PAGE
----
Reflection Oct 15, 2018 (Socials 10)

Last week we learned how to make change in government.

The three main ways to make change in government are lobbying, making a petition and civil disobedience.

Lobbying is seeking to influence a politician or public official on an issue and can be done by joining a lobbying or interest group. In these groups a lobbyist is elected then the group uses that lobbyist to put direct pressure on the official or mobilizes voters and provides information for the official.

Next, a petition is a formal written request, typically one signed by many people, appealing to authority with respect to a particular cause. These petitions can be made by following the guidelines on the parliament of Canada website. For the government to read it, it has to have at least 25 signatures. Governments are only obligated to read these petitions and not act on them. But they are responsible to respond within 120 days of receiving the letter.

The last way to make change in government is Civil Disobedience this is the refusal to comply with certain laws or to pay taxes and fines, as a peaceful form of political protest. Gandhi wrote 3 principals to doing civil disobedience properly. 1. it must not include violence, 2. it must be directed against laws that are significantly unjust and 3. it requires taking responsibility for one’s actions. Willingness to face punishment shows the strength for one’s beliefs. I think Gandhi is right for saying this because civil disobedience seems like a last resort if you can’t get through to your government.

One example of lobbying I found was from CBC news at their site:
In a nut shell major energy companies lobbied the Harper government to build the Enbridge pipeline so they can move more bitumen from Alberta oil sands to BC. This change is negative to society because it is bad for the environment and shows how much control over government big money companies actually have. I disagree with this change and how it was done because it was probably done by these companies paying off the Harper government. Benefits of lobbing include: you can try to get change directly from a politician and drawbacks include: only big organizations can successfully lobby on the provincial and federal level.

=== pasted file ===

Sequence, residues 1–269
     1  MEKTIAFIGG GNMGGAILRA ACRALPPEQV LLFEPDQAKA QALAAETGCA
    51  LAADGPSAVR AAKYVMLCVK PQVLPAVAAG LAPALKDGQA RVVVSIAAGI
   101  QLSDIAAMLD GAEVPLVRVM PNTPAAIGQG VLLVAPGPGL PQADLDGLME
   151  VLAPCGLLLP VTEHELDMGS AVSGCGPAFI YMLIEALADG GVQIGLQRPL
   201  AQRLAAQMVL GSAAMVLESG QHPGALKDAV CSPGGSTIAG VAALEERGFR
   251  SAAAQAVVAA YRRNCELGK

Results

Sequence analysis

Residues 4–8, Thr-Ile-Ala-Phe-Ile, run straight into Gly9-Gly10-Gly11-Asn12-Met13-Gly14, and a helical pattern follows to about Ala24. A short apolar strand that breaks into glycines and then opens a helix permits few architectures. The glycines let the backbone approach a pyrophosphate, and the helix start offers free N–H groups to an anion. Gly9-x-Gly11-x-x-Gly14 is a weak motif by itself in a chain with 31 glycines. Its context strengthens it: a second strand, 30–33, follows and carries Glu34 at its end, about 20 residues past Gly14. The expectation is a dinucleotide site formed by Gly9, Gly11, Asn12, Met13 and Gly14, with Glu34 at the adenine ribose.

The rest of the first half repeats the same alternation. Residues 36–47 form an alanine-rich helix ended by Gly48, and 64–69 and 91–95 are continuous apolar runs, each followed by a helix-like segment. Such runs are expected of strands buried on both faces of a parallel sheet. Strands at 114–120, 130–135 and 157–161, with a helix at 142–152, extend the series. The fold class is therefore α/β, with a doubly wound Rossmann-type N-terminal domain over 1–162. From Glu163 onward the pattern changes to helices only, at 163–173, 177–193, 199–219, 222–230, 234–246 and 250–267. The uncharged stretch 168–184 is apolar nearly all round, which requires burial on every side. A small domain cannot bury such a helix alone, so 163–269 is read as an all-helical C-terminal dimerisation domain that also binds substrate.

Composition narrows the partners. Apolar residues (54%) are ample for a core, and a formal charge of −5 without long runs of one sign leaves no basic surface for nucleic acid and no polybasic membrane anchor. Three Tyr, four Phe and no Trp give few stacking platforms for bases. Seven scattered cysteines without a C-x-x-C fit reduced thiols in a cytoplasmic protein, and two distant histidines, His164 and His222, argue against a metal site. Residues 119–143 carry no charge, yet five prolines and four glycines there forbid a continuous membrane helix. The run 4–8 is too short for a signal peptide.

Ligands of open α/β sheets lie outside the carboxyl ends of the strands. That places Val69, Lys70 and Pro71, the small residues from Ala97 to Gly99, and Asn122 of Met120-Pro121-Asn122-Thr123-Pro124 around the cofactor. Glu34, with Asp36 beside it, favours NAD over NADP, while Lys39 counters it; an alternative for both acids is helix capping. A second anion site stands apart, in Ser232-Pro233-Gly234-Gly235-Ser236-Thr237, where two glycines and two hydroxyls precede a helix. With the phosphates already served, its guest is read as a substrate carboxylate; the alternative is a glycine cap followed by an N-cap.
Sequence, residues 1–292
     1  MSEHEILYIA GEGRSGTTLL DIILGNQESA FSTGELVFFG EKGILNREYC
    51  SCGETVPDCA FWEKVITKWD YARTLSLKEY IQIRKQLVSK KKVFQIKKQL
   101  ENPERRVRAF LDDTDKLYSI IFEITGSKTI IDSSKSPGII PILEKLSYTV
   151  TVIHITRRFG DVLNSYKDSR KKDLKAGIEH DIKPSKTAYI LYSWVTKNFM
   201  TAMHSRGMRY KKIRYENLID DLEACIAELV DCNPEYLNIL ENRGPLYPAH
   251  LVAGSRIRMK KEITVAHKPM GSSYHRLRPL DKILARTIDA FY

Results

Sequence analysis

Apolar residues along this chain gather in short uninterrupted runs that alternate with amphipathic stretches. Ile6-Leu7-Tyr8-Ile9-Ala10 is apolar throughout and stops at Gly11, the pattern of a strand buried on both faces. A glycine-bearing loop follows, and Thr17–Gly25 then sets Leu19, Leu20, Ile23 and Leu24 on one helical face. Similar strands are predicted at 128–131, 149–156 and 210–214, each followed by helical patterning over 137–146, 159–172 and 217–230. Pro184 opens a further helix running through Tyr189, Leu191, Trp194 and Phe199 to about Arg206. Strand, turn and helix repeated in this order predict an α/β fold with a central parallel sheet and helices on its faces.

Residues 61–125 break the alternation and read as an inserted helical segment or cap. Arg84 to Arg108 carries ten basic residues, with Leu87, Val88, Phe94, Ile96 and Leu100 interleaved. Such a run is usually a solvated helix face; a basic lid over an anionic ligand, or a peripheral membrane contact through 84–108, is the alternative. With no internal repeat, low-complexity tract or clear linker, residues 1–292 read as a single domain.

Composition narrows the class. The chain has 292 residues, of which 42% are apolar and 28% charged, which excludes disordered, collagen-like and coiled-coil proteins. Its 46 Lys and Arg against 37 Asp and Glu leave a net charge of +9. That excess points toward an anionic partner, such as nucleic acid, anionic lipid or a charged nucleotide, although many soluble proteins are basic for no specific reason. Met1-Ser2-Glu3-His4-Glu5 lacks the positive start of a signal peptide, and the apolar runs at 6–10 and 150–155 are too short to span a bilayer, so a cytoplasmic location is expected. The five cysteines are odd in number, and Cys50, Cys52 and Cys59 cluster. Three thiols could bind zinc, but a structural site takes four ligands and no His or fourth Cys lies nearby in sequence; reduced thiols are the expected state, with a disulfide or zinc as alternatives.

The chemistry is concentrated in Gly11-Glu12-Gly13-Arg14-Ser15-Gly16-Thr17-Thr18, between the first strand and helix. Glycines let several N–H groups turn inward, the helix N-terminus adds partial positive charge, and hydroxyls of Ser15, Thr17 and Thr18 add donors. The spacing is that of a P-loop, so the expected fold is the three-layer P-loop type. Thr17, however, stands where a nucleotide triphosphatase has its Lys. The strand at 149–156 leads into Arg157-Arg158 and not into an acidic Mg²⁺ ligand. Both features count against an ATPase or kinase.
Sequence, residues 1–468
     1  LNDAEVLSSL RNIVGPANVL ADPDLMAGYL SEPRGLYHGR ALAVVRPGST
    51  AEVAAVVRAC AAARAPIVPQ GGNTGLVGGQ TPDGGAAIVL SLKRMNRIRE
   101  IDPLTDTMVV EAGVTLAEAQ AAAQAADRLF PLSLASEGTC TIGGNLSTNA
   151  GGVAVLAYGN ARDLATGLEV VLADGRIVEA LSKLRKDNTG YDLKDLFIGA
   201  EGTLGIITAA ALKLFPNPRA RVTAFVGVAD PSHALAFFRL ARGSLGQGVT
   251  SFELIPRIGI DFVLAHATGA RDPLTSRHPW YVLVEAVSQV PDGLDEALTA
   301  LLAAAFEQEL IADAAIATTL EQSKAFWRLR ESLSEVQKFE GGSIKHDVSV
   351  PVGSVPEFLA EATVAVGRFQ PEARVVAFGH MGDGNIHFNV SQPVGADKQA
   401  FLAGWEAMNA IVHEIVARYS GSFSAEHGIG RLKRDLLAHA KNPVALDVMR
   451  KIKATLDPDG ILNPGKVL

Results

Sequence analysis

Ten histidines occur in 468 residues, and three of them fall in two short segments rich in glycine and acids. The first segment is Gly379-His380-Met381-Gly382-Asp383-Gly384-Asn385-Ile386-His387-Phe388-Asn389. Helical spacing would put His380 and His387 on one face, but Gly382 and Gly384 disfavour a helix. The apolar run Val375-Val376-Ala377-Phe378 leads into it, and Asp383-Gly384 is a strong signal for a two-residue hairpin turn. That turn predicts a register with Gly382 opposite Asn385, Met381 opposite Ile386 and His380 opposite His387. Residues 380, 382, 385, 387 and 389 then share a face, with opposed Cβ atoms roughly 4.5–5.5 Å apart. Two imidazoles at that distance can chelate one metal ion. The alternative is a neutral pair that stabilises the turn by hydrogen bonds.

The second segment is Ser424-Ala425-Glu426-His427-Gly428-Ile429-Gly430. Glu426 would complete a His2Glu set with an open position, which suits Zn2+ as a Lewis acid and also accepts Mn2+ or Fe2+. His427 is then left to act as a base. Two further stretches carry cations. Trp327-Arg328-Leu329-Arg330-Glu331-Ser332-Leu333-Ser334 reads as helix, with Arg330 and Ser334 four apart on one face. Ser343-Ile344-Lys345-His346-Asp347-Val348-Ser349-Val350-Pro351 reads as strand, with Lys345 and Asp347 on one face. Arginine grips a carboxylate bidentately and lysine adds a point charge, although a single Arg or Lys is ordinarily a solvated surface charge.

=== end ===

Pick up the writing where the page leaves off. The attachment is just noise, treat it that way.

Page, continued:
One Example of a petition I found was on plastic bags being banned in Victoria because of their affect on the environment. They achieved this by getting 29,279 people to sign their petition. I agree with this change because plastic bags are bad for the environment and we should ban more throw-away plastic items. I think this was a perfect way to get this done because it shows the government that many people wanted the change. Benefits of petitions include: they seek the attention you need in a peaceful way and drawbacks include they need a lot of people to actually do successfully and the politician can choose whether to say yes or no.

One example of civil disobedience I found was on bill 78 in Quebec that stopped people from protesting and put fines on it because of increasing protests on tuition cost raising. Thousands of people wearing red went out on the streets in civil disobedience of this bill and the bill was removed. I agree with this change because in any democracy people should be allowed to protest so that the government works for the people like it is supposed to. I like the way they went about changing the bill because it was not violent at all and got the point across strongly. Benefits of civil disobedience are: It can end in fast change if done properly and drawbacks include: it could end in violence if done wrong.

In conclusion, I found that the order in which you should try to influence government is lobbying first so they know all the info they need to make a decision. Then if they don’t do anything, making a petition to show them lots of people want the change. And lastly if all else fails and you need to stop an unjust law you should use civil disobedience.

Another interesting thing I found that pertains to how our electoral system works and how to make change in government is this image:

This shows that some companies can get around the rules against donating to a political party by using the lobbyist as a sort of ‘middle man’ to secretly fund/influence politicians. I find this very deceptive and probably also illegal. What do you think of it Mr. Chan?

Sorry I got carried away with one topic and wasn’t able to do anything on elections. I think this is how it will be with all my reflections because one topic is just too broad to cover in one reflection.